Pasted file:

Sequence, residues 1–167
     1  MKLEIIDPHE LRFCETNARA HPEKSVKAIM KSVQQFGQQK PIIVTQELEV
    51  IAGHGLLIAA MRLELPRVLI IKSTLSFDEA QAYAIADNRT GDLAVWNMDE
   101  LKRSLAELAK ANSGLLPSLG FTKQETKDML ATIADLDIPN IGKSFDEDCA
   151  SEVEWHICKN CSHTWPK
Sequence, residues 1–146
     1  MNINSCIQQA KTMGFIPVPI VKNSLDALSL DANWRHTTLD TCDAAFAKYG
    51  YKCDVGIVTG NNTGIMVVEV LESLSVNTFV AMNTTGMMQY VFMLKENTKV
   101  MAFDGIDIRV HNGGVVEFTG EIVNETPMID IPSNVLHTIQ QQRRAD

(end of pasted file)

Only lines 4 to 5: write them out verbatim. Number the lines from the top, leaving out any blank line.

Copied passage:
   101  LKRSLAELAK ANSGLLPSLG FTKQETKDML ATIADLDIPN IGKSFDEDCA
   151  SEVEWHICKN CSHTWPK